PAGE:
The IMF's Staff Report for 2006, Article IV Consultation with South Africa, blames the recent currency troubles mainly on increased risk aversion in global financial markets, which it says hit stock prices and sovereign spreads. While most emerging markets suffered, South Africa was hit harder than most. A widening current account deficit increased vulnerability, important commodity prices weakened, and reportedly there was short selling of the rand by investors covering their exposures to less liquid emerging economy currencies.
Overall, South Africa's external economy remains exposed to the vagaries of global market sentiment, and the IMF maintains that the country's main short term risks come from without.
For all its shortcomings, the South African economy is by far the strongest in the region. It makes up a quarter of total GDP in the African continent. The international consensus on the economy is positive — South Africa is widely seen as a well-managed economy that should continue to prosper.
A prudent sovereign
One success of the post-apartheid government's GEAR policy was to bring its fiscal deficit down to a level that could be the envy of many developed nations. From 5.1% of GDP in 1994, high tax revenues helped South Africa approach a balanced budget in 2005–2006 with a deficit of 0.3%. Outstanding government debt stood at 30% of GDP.
Such fiscal prudence has had a damping effect on the domestic bond market, which is dominated by sovereign issuance. At the end of fiscal year 2005/2006, R418bn of marketable domestic government bonds had been issued, constituting 78.3% of total government debt and 23.2% of GDP. This compares with R332bn in 1999/2000, 37% of GDP at the time.
This year's South African treasury budget forecasts suggest that trend will continue. It forecasts that sovereign bonds will only amount to 18.5% of GDP by the end of 2008/2009 — despite plans for a big spending programme in the run up to the 2010 Fifa World Cup.
The government's 2006 medium term budget policy statement, published on October 26, outlines a national infrastructure spending programme growing on average 14% per year, from R87bn in 2006/2007 to an estimated R129.5bn in 2009–2010. Most of this money will be spent on transport and communication infrastructure.
While debt reduction has slowed supply in the sovereign market, it helped rating agencies to recognise that South Africa was due for an upgrade. In January Moody's lifted the sovereign long term foreign currency debt rating one notch to Baa1. Its A2 local currency rating is on a par with Israel, Poland and Saudi Arabia. Fitch had already upgraded the foreign currency rating to BBB+, and A for local currency, in August 2005. Standard & Poor's has South Africa at BBB+/A+.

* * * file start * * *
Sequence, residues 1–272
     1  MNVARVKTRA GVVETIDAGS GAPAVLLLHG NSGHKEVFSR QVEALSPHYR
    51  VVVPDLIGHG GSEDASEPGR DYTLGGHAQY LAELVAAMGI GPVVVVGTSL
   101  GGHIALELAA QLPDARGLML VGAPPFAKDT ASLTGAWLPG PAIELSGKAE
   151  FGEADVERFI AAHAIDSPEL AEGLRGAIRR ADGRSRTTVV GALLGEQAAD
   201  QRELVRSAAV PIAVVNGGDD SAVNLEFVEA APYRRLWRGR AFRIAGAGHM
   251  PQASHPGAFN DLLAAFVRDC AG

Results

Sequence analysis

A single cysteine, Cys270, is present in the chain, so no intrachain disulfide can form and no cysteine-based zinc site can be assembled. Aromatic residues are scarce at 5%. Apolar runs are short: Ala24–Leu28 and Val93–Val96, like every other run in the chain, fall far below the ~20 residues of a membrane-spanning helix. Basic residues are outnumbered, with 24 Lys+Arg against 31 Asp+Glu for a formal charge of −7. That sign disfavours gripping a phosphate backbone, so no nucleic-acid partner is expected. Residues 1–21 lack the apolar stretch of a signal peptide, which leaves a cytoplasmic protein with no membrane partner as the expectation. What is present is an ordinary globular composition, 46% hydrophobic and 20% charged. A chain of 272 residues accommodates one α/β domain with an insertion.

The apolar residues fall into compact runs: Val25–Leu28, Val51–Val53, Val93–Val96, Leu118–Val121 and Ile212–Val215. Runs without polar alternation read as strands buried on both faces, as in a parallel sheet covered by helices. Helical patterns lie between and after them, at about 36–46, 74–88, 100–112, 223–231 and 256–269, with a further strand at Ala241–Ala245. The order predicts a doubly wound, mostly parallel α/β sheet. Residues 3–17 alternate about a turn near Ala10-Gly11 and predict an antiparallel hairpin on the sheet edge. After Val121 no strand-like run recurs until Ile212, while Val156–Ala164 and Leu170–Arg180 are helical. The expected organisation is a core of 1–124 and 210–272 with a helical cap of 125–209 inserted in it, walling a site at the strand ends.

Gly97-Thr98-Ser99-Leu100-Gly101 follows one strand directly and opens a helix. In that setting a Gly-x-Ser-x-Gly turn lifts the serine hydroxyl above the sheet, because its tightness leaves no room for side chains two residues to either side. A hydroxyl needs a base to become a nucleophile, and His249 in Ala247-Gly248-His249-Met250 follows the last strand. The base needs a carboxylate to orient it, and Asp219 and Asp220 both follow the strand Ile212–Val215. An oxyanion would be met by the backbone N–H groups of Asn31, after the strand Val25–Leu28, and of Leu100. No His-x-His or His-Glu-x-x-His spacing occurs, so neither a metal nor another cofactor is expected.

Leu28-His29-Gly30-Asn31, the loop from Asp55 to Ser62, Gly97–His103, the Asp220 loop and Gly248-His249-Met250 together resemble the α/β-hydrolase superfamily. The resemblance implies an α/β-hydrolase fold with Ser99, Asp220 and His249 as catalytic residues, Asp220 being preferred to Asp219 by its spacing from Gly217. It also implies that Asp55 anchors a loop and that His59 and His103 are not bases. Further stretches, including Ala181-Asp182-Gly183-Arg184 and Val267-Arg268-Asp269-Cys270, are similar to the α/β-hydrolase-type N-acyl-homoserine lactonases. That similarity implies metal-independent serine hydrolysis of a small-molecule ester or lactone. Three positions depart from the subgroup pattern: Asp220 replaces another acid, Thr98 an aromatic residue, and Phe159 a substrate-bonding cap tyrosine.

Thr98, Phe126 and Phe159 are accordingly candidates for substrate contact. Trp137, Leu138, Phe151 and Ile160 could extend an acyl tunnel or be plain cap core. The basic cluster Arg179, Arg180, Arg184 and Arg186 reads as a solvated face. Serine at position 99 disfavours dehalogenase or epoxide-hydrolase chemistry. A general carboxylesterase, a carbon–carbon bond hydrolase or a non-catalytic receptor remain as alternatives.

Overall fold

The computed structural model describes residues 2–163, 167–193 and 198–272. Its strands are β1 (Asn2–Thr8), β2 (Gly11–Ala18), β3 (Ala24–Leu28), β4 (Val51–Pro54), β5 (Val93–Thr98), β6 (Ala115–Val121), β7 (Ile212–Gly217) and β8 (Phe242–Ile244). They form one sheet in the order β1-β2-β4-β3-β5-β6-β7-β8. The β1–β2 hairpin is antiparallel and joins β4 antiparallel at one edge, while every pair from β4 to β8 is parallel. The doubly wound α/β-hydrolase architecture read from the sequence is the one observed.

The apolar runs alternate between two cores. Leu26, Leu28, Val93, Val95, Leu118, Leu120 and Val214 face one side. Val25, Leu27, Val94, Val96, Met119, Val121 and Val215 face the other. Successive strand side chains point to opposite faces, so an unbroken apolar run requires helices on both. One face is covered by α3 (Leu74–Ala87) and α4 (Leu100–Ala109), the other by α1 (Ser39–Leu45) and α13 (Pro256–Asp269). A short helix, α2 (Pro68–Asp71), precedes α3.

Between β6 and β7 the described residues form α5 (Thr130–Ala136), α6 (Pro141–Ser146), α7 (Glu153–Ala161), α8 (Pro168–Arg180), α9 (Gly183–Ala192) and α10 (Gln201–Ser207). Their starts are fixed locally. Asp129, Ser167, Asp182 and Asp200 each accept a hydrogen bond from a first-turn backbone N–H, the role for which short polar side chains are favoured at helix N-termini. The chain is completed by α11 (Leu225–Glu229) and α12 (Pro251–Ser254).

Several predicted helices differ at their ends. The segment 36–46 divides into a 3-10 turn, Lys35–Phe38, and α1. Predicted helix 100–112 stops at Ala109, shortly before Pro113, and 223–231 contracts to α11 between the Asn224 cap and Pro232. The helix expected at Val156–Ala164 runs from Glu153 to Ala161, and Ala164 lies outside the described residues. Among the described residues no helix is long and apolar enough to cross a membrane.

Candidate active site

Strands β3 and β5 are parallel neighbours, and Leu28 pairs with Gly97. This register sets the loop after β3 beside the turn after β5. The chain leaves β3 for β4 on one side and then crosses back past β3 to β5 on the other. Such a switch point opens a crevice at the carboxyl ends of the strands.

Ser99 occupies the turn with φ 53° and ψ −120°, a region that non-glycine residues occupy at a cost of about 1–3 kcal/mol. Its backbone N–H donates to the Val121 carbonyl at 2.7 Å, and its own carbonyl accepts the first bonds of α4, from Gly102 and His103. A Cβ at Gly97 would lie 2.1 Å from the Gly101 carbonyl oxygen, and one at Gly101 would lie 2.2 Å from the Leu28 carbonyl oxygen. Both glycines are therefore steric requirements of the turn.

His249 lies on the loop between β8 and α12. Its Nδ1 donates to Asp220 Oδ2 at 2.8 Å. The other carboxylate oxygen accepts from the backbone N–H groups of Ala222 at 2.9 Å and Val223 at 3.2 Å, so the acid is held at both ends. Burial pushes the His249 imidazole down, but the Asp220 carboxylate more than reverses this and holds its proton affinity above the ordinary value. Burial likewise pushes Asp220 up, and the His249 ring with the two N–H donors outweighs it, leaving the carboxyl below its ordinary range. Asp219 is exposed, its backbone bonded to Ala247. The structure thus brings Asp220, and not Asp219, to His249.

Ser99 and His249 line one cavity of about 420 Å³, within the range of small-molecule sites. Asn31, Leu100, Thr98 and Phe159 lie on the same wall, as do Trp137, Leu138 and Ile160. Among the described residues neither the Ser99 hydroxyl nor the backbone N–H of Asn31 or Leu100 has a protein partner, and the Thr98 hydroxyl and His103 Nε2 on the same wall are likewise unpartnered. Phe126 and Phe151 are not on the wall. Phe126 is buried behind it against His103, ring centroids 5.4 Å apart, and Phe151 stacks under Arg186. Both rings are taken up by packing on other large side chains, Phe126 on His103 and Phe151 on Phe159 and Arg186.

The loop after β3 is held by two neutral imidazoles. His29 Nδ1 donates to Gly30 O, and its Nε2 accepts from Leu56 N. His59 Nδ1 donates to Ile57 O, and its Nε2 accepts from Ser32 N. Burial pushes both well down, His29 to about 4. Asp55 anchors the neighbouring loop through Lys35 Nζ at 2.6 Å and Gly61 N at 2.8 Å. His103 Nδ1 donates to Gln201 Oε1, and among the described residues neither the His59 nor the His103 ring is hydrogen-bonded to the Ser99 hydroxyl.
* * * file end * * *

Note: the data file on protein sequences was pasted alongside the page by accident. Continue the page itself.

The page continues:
Corporates with frontiers
The pattern of growth in South African industry shows the extent of the consumer boom. Construction is the most dynamic sector: growing 10% in 2004, and another 10% in just the first nine months of 2005. Finance and real estate services, retail and wholesale trade, then manufacturing — consumer goods rather than basic materials — come next.
South Africa is now predominantly a service economy, while the mining industries for which South Africa is widely known are becoming less important to the domestic economy. Though they are still big factors in foreign trade: precious stones alone are a quarter of exports.
If growth is to meet the government's ambitious targets, businesses must overcome a number of obstacles. The World Bank's leading Investment Climate Survey published in May asked 800 companies, from leading corporations to small firms, to identify the main barriers to their growth. The four concerns that stood out (identified by around 30% of businesses in each case) were skill shortages, macroeconomic instability, labour regulation, and crime. The firms most concerned with macroeconomic instability were exporters, suggesting that the turbulent exchange rate was at the heart of their worries.
Larger companies in particular see a lack of opportunities for diversification as a problem. South Africa's geographical position, bordered by countries that are some way behind it in terms of economic development, is a particular issue. The African economy is growing: the continent as a whole increased GDP by 4.5% in 2005, and estimates are higher for this year. But economies outside South Africa are generally much more focused on basic commodities, with fewer opportunities for expansion in services and manufacturing.
Banks — SA's 'Big Five'
South Africa has 34 banks registered with the Reserve Bank's bank supervision department, which regulates the industry. But for many purposes there are only five.